Lassen County is joining the fight against Big Pharma by participating in the California Counties Opioid Consortium.
The consortium, which includes 29 other California counties, is joining in the multi-district litigation against the manufacturers and distributors of opioids.
The intention is to recover the costs of prevention efforts, treatments and services, as well as costs associated with putting residents in jail who are addicted to prescription painkillers and heroin.
During the Lassen County Board of Supervisors meeting April 24 in Beiber, the board unanimously approved a resolution authorizing the participating in the consortium.
“The county has a unique opportunity to join a recently formed consortium of California counties for the purpose of joining the multi-district litigation,” read the approved resolution.
With the consortium using the same firm, Baron and Budd, P.C., the county is joining more than 100 counties nationwide in the federal litigation.
“The California Opioid Consortium and its counsel have developed evidence that many of the nation’s largest drug manufactures misinformed doctors about the addictiveness and efficacy of opioids. The manufacturer defendants include Purdue Pharma, Teva Ltd, Janssen Pharmaceuticals, Inc. (a wholly-owned subsidiary of Johnson & Johnson), Endo Health Solutions, Inc., Allergan PLC and Mallinckrodt. Drugs manufactured by these companies include, but are not limited to: OxyContin, Actiq, Fentora, Duragesic, Nucynta, Nucynta ER, Opana/Opana ER, Percodan, Percocet, Zydone, Kadian and Norco,” read a statement from Baron and Budd.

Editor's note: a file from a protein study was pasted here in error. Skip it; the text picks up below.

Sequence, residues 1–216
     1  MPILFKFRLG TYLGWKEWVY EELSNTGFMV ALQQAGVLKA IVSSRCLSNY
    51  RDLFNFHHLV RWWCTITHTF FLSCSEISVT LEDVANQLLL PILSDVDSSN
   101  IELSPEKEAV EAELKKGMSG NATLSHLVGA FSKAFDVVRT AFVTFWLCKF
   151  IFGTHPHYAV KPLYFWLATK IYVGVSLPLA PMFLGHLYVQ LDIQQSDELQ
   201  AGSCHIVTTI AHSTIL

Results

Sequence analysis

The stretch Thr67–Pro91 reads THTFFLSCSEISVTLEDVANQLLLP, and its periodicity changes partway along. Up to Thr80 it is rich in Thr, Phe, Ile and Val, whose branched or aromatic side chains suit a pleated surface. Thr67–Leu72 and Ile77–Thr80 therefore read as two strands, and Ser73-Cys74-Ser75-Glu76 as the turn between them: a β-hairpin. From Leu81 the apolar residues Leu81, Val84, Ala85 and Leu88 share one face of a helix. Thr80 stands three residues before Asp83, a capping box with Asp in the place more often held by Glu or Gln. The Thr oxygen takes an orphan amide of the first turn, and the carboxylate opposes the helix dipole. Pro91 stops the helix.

“The lawsuits also name the nation’s largest drug distributors – Cardinal Health, Amerisource Bergen, and McKesson Corp. – alleging that the companies failed to monitor, identify and report “suspicious” opioid shipments to pharmacies, in violation of the federal Controlled Substances Act. Some suits also name other large national distributors and retailers,” the statement continued.
The affects of opioid abuse are apparent across the nation, even in Lassen County.
According to data from the California Department of Public Health and the California Opioid Overdose Surveillance Dashboard, from 2008 to 2016 there were 52 opioid related deaths in Lassen County.
Prior to making the decision on entering into the litigation, the supervisors were informed on the facts of opioid usage in the area.
For the most recent year for which data was available, there was the equivalent of one opioid prescription written per person in Lassen County and there were “enough opioids to keep every man, woman and child medicated around the clock for 15 weeks a year.”
Per the professional services agreement between Lassen County and Baron and Budd, the county will pay a contingency fee to the counsel. The agreement details the county agrees to pay 18 percent of the total recovery in favor of the county. If there is no recovery, there is no fee.
There is also a clause allowing of the termination of the agreement for any reason.
“As a California native, I stand with these 30 counties to recover taxpayer funds and to prevent the proliferation of the crisis. For too long, local governments have subsidized the bad acts of some of the largest corporations in our country, which are reaping billion-dollar profits and placing profits over public safety,” said Baron and Budd Shareholder, John Fiske in the statement. “These 30 counties are standing up for their communities, and I am proud to be a part of their action.”